Well, not exactly. One thing to note here is that the terms “Scope” and “Sight” are not equal.  A Scope is a Sight but not all Sights are Scopes.  A scope is a specific type of sight that MAGNAFIES the shooter’s vision to assist in making long distance shots.  As with most things in life with every benefit there is a drawback.  With scopes, your benefit is the magnified sight picture that lets you pick out details at much further ranges than you could with your naked eye.  The drawback is that you have to close one eye to use it and that results in “Tunnel Vision”.  This means that the ONLY thing you will see and focus on is what you see in your scope.  With paintball, so much is happening so close all around you that while you are looking down your scope at someone you can not hit someone else is moving on you that WILL be able to hit you and you will not know it. Not good. 

The view through a magnified scope. Note that you must close one eye to use this kind of sight.

Thus for aiming purposes I tend to advise people to stay away from scopes.  However, there are times when a scope comes in handy.  If you play scenario or big games, a scope can be helpful to scout out objectives that may be far away.  Maybe you want to know how many people are guarding the objective you are going after or want to see if that is a foot sticking out from that bush or just a shadow.  In those instances a scope can come in handy but in most situations a scope will be just for looks.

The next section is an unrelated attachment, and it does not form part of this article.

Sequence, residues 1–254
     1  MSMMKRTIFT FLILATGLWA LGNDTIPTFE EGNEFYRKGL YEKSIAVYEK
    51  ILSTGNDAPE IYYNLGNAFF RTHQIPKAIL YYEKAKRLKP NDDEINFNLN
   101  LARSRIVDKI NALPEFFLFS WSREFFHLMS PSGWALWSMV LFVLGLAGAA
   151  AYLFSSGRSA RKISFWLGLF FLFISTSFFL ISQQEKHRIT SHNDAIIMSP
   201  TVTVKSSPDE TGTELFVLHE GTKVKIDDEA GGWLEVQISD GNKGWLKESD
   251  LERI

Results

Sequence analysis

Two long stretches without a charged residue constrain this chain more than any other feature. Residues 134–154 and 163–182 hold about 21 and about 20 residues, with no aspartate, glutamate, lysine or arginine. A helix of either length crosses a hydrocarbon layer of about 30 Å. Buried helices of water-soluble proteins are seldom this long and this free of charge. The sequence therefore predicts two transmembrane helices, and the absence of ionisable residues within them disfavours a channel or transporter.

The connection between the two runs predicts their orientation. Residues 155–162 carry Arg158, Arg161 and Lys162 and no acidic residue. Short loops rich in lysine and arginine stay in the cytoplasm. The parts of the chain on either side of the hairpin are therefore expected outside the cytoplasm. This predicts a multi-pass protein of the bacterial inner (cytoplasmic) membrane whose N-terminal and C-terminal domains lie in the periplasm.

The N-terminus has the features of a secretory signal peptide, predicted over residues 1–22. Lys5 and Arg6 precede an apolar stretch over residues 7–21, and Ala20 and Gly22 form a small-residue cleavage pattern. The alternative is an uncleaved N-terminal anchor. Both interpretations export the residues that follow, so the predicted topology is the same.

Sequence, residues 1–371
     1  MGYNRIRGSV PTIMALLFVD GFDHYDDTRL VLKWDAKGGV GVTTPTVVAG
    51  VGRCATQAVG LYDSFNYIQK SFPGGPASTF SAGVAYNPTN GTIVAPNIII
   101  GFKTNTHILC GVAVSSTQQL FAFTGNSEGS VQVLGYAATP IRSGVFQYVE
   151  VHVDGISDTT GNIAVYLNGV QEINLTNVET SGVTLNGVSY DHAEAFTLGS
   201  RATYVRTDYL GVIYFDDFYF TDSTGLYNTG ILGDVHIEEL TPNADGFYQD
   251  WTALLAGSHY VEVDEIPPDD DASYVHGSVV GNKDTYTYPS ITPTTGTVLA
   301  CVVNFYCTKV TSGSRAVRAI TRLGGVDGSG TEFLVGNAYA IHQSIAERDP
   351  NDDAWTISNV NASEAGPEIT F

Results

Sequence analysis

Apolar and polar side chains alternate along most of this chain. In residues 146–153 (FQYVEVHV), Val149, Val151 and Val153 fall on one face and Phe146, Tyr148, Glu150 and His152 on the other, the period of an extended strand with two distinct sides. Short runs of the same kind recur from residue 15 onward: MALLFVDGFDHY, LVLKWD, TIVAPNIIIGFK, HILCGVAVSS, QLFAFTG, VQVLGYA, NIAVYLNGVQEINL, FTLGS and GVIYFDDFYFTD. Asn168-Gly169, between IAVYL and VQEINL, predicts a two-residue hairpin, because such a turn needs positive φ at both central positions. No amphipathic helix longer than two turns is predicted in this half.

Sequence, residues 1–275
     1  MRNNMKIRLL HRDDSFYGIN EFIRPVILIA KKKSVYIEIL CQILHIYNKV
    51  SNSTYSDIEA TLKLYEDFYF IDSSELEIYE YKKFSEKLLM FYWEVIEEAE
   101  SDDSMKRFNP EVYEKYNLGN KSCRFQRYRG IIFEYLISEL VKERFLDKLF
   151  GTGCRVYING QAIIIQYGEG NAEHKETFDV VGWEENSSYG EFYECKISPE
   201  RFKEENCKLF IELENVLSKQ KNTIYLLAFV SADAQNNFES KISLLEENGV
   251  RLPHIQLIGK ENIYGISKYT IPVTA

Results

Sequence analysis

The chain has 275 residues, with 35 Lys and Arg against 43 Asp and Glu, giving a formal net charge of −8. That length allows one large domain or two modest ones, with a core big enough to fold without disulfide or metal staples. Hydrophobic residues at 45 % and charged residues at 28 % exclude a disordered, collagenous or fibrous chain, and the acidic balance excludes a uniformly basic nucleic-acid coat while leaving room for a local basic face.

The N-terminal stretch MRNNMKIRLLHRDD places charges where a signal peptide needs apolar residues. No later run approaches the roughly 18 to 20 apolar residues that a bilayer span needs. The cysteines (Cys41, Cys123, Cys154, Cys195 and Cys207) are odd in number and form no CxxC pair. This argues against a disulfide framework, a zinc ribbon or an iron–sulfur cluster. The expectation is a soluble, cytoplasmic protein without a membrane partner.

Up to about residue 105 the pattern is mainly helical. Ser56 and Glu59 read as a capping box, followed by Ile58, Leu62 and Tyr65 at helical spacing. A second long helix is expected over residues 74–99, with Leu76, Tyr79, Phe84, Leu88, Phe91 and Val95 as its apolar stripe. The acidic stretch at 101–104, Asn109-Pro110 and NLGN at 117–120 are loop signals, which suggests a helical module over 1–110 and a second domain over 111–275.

On the dot!

So if you do not use a scope what do you use?  It is call a red dot or reflex sight.  These sights project a small illuminated dot into your sight picture.  They come with red or green (or the option for either) illuminated dots or other targeting reticules (but I will usually refer to them as red dots regardless of their actual dot color).   They are designed to be used with both eyes open thus helping to eliminate the problem with tunnel vision.  They are not magnified (though there are scopes with “red dot” targeting reticules…we are not talking about those here…) and most run on batteries but not all.  These sights can be broken down into two types, tube type where you look through two glass lenses to acquire the dot and the reflex style sight where there is only one glass lens that has the reticule projected onto it.  Generally speaking reflex style sights are faster for the shooter to acquire and put on target but are more vulnerable to paintball hits than the tube style sights.  They are also more affected by bright sunlight than tube sights but more on that later.

Armson Red Dot Sight. Note the window on the left side of the picture that allows sunlight to illuminate the fiber element. The user would look "at" an appature at the right end of the sight. (Not visible in photo)

Because these sights can be used with both eyes open, the effect is much the same as a laser sight where it looks like the “Dot” is actually projected on the target however there is no beam of light going from the site to the target like there is with a laser sight. 

Most of these kinds of sights are powered by batteries so they can be used day and night.  However, there is another kind of sight that collects light with a fiber optic thread that creates the “dot” in a completely dark field.  Armson is the most popular one in the paintball community.  These sights MUST be used with both eyes open as you cannot look “through” the site itself.  The benefit to these sights is that you never have to recharge batteries, they are small, light, and hold up well to direct paintball hits.  However, they cannot be used at night.